At the risk of becoming an all-chili-pepper, all-the-time newsletter, I’m bringing you more news this week from the capsaicin front. (Maybe it’s the wintery weather? I’m subconsciously seeking out all sources of heat…?)
A new study points to spicy pepper consumption as an overall mortality reducer, especially from cardiovascular or cancer-related causes. This study is the first-time chili’s blood-glucose-reducing, antioxidant, and anti-inflammatory properties have been looked at in concert, amalgamating the results of nearly 5000 (!) previous studies to create a bigger picture.
“The health and dietary records of more than 570,000 individuals in the United States, Italy, China and Iran were used to compare the outcomes of those who consumed chili pepper to those who rarely or never ate chili pepper. Compared to individuals who rarely or never ate chili pepper, the analysis found that people who ate chili pepper had:
These rates of reduction are stunning and immediately left me wanting to know more. But the study’s lead author, cardiologist Dr Bo Xu, says that this data is only a tantalizing taste (pun intended) of possible dietary influences of heart health and cancer prevention. In particular, future studies need to regularize exact amounts and type of chili peppers that net results, as well as other variables like study participant health info. Doing this will narrow down the “why” of chili’s effect on human health.
So, while the researchers work on their data and a final paper, I’ll kill the time by thinking about incorporating chili pepper into my diet more. While I still maintain I have nothing to prove in the spice-withstanding department, I’m happy to take a little heat for some potential health payoff. Maybe once my tolerance is up, the results will be in!
Soup season is coming for us! The colder temps and shorter days have prompted me to haul out my giant pot and start simmering some of my family’s favourites. (Not to toot my own horn, but my classic chicken soup is legendary.)
Soup is the great unifier: Not only do most individual humans like it, but every culture boasts its own unique bowls of goodness.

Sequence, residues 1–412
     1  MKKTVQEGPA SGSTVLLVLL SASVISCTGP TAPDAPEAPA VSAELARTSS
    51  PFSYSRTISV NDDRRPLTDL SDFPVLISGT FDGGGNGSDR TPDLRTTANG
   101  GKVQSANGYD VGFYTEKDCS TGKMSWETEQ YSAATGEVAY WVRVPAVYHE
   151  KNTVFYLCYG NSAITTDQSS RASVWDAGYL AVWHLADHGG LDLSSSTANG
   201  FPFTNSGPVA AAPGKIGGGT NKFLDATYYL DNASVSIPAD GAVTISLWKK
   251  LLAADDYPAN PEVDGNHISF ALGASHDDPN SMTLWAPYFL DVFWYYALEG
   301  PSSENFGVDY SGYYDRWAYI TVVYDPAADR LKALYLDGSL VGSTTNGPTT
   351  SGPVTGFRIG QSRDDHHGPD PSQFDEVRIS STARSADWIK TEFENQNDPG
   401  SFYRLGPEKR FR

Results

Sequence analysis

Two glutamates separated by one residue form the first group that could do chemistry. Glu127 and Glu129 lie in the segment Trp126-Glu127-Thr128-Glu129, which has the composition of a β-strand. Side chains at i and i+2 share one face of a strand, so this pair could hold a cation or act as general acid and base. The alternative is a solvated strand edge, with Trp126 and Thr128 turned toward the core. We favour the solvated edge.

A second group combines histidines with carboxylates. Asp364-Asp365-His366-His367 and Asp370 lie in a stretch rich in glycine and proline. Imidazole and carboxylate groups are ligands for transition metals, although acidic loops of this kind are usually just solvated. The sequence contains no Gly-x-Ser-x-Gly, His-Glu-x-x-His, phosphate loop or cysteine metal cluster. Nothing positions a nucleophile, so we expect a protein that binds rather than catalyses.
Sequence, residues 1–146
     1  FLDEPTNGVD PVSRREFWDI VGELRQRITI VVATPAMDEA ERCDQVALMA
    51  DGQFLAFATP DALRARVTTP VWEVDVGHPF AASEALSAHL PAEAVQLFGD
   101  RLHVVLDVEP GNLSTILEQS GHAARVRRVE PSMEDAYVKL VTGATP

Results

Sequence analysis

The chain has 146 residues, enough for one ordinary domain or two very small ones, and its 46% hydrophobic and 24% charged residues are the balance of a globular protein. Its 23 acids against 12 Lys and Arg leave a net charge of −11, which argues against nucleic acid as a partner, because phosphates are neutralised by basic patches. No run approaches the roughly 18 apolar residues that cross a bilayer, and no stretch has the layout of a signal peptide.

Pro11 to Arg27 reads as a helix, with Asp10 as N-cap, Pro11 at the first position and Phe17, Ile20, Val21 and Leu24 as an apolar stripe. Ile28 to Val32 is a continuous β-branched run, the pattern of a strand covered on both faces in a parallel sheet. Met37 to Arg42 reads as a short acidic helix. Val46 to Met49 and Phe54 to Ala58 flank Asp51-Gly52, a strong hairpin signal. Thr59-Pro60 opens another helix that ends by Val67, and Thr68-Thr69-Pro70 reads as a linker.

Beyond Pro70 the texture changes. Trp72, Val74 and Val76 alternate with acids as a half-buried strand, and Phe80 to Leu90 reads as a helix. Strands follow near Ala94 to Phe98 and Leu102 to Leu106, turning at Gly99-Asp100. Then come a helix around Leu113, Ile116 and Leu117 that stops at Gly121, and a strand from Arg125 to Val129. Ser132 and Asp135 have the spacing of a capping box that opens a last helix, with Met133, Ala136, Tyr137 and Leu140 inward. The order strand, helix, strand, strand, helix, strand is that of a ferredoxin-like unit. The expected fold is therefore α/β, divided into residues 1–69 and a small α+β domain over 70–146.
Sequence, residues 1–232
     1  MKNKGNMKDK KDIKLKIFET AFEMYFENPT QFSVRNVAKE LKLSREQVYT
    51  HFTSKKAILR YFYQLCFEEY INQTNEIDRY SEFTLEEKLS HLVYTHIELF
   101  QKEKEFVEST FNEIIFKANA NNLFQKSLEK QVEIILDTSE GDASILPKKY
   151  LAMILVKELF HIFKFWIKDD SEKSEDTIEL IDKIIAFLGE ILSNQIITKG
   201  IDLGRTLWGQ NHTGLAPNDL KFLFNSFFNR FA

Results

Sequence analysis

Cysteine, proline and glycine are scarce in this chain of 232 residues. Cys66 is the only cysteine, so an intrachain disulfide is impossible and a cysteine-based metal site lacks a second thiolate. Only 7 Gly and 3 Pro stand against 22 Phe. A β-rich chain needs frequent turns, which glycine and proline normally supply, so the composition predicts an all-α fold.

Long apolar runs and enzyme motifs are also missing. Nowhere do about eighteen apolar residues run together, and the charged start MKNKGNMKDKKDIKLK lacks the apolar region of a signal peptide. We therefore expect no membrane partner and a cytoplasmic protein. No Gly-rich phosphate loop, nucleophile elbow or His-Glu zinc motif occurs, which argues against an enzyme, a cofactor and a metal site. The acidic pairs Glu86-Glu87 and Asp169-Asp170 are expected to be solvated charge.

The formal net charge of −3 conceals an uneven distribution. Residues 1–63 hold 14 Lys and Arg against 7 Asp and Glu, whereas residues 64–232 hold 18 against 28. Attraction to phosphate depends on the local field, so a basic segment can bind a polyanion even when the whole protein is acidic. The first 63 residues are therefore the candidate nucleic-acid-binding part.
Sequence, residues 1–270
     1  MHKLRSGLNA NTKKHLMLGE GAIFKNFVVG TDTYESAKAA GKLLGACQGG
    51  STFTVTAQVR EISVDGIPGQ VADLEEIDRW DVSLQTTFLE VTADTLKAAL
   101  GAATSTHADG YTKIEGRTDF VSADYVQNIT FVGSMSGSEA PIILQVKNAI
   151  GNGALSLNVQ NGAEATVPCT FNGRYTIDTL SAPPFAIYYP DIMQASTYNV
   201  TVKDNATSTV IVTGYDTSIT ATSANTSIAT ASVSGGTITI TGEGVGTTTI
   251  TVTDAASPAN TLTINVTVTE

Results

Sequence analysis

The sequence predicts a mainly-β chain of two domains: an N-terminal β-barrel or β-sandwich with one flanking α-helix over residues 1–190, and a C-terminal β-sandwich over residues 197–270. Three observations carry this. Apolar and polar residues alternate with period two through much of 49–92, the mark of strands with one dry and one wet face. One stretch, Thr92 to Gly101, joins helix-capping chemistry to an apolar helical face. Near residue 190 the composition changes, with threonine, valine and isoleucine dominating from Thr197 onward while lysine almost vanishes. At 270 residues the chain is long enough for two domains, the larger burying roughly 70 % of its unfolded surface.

Especially Ukraine; or, so says chef Ievgen Klopotenko. The Kyiv restauranteur and TV host bristles at the longstanding Russian claim to borscht, which he believes to be a dish of Ukrainian origin. He is so passionate about the issue that he has founded a non-profit and brought in the big guns — UNESCO — to claim borscht for his own country, rather than a powerful state that still represents the culturally homogenizing USSR.
“After months of research to back up his claim, Klopotenko says his application is now supported by the Ukrainian government.
This, despite that the Russian Foreign Ministry tweeted last year that borscht is the country’s ‘most famous and beloved dishes.’
But Klopotenko wants to be clear that he is not looking to stir up his country’s already tense relationship with Russia over the dish. Since 2014, more than 13,000 people have been killed in Ukraine’s battle against Kremlin-supported militants in the country’s east, according to the Washington Post.
‘It’s not about fighting. It’s about how it is — that this dish is ours. It’s not Russian,’ Klopotenko said. ‘But Russians, they want to take that because they think that there is no such nation as Ukrainians.’”
Though this dispute seems small, it is symbolically huge, mixing ingredients like national identity, autonomy, and sovereignty in the simmering pot of international relations. But Klopotenko isn’t losing sight of the uniting force of soup. He believes that staking a Ukrainian claim in this small, tasty way, might serve to ease tensions between the two countries. (He also provides tips on what to look for in an authentic borscht: A sweet-sour balance and the inclusion of kvass, or fermented beet juice, for depth of flavour!)
I am inspired both politically and culinarily by Klopotenko’s quest. The latter is easier to respond to: The least I can do is try out an authentic borscht recipe, and see how we like it. Good thing my giant pot is still out and ready…!
I am wary of spicy foods. I’m not like those competitive Carolina-Reaper-eating maniacs; I have nothing to prove. I like a little bit of heat, but not so much it becomes an impediment to enjoying my dinner, rather than an enhancement. The problem with spice though is that it’s subjective — and once you tuck into that vindaloo, or taco, or mapo tofu, you are well past the point of no return.